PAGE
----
Last month a dispute between Tesco and Unilever over the pricing of products under a new contract saw Marmite temporarily removed from the shelves of Tesco’s internet shopping website.
The Bad News
The two parties resolved the issue quickly once it hit the headlines, but it was a reminder that the plight of the pound since the Brexit vote will inevitably translate into price increases.
NS says that September’s inflation spike was not a reflection of sterling’s recent weakness, pointing out that “there are reports of businesses having measures in place to protect against exchange rate changes in the short-term.” The NS view is supported by the fact that the price of goods (largely imported) is still showing a year-on-year drop, while it is services (mainly UK supplied) where inflation is visible. However, it seems certain – as the Marmite issue showed – that goods inflation will start to emerge soon. Some economists are suggesting we could see 3% inflation in 2017, well above the Bank of England’s central 2% target.
The likely return of inflation is a reminder of an investment risk which had seemingly disappeared in recent years. Even though interest rates have been extremely low (and moving lower), while inflation was quiescent, the purchasing power of deposits was hardly being eroded. That is now starting to change, with little likelihood that the Bank of England will push up interest rates amidst the current Brexit-driven economic uncertainties.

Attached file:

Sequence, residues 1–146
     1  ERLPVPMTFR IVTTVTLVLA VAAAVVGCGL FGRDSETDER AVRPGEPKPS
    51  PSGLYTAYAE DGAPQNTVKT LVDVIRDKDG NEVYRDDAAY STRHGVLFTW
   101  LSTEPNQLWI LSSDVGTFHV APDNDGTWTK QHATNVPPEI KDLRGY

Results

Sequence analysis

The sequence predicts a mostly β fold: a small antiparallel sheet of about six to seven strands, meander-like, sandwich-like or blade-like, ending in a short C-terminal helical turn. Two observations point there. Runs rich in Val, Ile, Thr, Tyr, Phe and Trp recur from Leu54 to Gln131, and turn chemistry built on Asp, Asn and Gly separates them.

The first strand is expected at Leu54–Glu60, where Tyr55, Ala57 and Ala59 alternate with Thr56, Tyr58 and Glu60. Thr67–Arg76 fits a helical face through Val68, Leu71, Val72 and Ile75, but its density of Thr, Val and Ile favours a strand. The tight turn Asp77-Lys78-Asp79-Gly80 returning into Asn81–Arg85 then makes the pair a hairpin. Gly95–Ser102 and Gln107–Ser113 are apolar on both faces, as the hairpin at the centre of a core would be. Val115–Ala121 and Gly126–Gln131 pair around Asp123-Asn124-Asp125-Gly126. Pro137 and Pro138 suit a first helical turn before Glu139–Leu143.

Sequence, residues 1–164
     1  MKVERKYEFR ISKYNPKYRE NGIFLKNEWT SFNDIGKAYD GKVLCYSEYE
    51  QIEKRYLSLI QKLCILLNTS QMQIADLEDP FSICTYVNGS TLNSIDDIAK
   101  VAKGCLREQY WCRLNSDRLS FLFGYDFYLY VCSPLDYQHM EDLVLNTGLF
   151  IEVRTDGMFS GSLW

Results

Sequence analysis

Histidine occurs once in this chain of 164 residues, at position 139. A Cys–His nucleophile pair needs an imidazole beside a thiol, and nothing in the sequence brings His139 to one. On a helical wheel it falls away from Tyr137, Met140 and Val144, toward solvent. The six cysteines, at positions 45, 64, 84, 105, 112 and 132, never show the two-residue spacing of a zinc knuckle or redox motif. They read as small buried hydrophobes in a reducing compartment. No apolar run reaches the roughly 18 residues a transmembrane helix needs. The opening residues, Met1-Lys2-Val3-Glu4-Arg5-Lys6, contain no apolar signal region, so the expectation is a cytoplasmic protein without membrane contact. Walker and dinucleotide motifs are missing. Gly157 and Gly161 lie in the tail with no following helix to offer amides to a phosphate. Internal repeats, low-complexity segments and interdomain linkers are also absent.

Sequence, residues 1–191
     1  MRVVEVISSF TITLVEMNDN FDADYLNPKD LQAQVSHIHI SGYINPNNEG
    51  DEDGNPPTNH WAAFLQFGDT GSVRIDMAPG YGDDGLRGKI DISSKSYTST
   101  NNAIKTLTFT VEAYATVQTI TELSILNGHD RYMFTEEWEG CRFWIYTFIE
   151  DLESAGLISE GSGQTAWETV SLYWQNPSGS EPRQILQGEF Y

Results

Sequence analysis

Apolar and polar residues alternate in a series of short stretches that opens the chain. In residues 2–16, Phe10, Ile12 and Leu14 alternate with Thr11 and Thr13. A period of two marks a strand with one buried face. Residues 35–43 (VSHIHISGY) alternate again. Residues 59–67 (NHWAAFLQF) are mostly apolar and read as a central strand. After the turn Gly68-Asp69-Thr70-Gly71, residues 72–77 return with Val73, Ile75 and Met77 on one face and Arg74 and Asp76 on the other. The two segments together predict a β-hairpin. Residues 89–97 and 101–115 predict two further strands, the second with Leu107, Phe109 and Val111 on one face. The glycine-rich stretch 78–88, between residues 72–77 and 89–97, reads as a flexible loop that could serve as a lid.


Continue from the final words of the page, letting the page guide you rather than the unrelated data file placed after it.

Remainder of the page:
If you have cash on deposit beyond your rainy-day needs, the return of the oft-slayed, never-killed inflationary dragon should make you consider other options for your money.
The Good News
On the day of the referendum, a pound would buy you nearly $1.50. It dropped sharply in the wake of the vote and then spent about three months churning between roughly $1.35 and $1.30. October produced another leg down to the $1.22 area as a ‘hard’ Brexit began to seem more likely.
Capita now forecasts total dividend payments in 2016 will be over 6% higher than in 2015, despite large dividend cuts from the mining sector. With inflation on the increase, but still well below the Bank of England’s 2% target, dividends are thus showing a substantial real terms increase. Capita estimates the yield for UK shares over the next 12 months will be 3.6%. If you are looking for income as savings rates fall further, UK shares are certainly worth considering.
To speak to a trained financial advisor about your investment opportunities, call us on 01244 539 595.